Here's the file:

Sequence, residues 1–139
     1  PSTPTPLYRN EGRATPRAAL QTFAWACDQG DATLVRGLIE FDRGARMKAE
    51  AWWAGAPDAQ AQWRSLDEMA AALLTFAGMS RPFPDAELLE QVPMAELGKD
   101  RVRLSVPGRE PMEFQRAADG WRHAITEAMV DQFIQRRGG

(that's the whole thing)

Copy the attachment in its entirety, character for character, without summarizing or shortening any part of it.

Sequence, residues 1–139
     1  PSTPTPLYRN EGRATPRAAL QTFAWACDQG DATLVRGLIE FDRGARMKAE
    51  AWWAGAPDAQ AQWRSLDEMA AALLTFAGMS RPFPDAELLE QVPMAELGKD
   101  RVRLSVPGRE PMEFQRAADG WRHAITEAMV DQFIQRRGG